Correct planning should be carried out to control the design & development of your medical device however, many companies fall short when it comes to their documentation and overall approach to planning. In the first of this two-part blog, Senior Design Engineer, John and Human Centred Designer, Amber address some frequent questions regarding writing a design & development plan as well as the typical activities involved.

A development plan can be created for individual project phases for example, a Phase 1 project where a pharmaceutical company might have an inkling about a technology and would like to explore the area to determine the value of investing in it or, a full device development project.

Occasionally at HD, we’re asked to write a project development plan for our clients as a singular activity so, we have tried to address some frequently asked questions to guide you through some of the steps and tools involved:

Is a medical device development plan a regulatory requirement?

It’s a regulatory requirement to follow a certain set of audited development procedures – our development workflows at Haughton Design follow these. At HD, we can’t compromise on our procedures therefore, occasionally we have to please both our own and the client’s systems/procedures depending on their specific requirements.

ISO 13485 outlines some loose guidelines for the development plan. The standard dictates that you need procedures in place and, to a certain extent, they dictate the requirements of those procedures. However, it doesn’t necessarily tell you what the procedure needs to be. This is one of the reasons that there is often a lot of confusion surrounding the topic. Therefore, you’re required to write your own procedure. At HD, we have our own design development procedure for medical device projects that we created internally through utilising the experience of our network of industry consultants. It’s important to note that design planning isn’t a ‘one size fits all’ neither for specific projects nor companies.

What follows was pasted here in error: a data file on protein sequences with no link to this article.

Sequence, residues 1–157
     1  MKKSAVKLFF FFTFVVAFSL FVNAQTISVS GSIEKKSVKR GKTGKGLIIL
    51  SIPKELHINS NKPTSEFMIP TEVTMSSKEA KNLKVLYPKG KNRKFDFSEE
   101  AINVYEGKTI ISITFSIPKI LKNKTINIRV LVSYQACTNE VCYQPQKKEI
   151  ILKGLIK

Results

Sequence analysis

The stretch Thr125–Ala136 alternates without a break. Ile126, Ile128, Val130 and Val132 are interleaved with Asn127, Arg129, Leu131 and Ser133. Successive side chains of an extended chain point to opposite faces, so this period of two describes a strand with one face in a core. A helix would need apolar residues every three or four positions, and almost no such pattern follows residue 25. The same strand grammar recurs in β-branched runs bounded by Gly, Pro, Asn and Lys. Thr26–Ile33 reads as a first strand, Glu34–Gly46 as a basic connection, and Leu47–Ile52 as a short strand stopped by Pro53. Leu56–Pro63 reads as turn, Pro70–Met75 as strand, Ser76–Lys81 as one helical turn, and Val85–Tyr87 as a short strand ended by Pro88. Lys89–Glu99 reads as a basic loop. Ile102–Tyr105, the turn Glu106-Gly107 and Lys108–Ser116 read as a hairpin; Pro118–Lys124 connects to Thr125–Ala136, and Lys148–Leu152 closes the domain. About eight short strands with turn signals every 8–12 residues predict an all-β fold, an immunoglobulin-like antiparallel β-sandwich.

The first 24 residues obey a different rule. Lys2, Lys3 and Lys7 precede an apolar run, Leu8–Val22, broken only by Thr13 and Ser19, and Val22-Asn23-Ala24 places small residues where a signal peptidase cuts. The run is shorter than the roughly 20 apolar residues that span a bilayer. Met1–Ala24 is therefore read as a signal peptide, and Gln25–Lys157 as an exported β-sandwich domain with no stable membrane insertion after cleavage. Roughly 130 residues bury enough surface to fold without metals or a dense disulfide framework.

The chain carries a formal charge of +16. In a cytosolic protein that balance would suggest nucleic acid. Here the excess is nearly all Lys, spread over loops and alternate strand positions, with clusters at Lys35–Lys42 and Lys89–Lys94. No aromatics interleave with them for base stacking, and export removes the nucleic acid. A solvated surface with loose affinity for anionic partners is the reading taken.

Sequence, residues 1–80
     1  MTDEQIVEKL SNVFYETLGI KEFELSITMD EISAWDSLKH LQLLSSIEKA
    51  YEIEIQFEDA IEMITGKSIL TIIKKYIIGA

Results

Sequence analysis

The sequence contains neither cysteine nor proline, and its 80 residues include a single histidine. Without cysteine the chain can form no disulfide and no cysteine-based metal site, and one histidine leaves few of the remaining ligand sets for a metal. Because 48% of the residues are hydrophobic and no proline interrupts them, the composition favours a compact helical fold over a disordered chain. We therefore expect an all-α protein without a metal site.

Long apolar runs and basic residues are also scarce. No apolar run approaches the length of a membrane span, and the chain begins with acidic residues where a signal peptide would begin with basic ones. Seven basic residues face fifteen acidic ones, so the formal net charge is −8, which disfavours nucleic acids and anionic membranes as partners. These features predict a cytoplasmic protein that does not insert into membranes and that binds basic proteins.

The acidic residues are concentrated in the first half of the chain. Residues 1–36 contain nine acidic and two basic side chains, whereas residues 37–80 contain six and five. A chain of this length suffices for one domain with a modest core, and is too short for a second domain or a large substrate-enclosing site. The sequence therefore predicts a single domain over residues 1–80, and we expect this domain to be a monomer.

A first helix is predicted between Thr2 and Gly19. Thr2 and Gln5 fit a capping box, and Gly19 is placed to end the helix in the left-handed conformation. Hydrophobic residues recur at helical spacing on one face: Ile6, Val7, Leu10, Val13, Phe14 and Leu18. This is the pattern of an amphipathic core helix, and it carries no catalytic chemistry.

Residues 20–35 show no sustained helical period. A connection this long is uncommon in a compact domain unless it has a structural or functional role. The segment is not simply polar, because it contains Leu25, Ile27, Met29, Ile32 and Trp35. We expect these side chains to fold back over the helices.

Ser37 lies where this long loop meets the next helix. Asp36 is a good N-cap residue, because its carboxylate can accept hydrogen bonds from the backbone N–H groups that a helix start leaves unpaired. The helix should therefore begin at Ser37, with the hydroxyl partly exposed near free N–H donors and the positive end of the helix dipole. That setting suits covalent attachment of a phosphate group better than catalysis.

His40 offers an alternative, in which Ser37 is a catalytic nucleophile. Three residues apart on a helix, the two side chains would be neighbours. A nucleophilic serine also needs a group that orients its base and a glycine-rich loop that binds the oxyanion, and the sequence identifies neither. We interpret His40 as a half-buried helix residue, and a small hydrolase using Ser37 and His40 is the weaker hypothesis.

The key regulatory requirements of medical device design and development planning can be found in section 7.3.2 of ISO 13485, the international quality management system standard for medical devices, and FDA 21 CFR Part 820.30 (b), the quality system regulation for medical devices.

Is the development plan a singular document?

There are a number of documents and activities that form a high-level design development plan. For example, there are various project planning documents such as Gannt charts, flow charts, a risk management plan, a human factors engineering (HFE) plan and various others that are completed to inform the overall design development plan.

Where to start and what are the typical steps involved?

The first thing to do is to block out the major milestones in the project – the obvious first one being the completion date of the project as well as what exactly all stakeholders intend to receive from it.

Typically, we’ll have a good understanding of our clients’ expectations which are usually driven by factors such as cost and time. Usually, clients have a window of time to gain market share for example, on a recent drug-delivery project we have worked on for a pharmaceutical client where a technology has come off patent – A number of our client’s competitors will be working under time pressures to include benefits of the newly available technology into their own devices and then launch into other markets to take advantage of the opportunity.

As do various locations, the U.S. market has its own exclusivity clause meaning that the first to enter the market has exclusive rights for 6 months. Often the volume of sales within those 6 months and the market advantage alone would warrant undertaking this kind of project.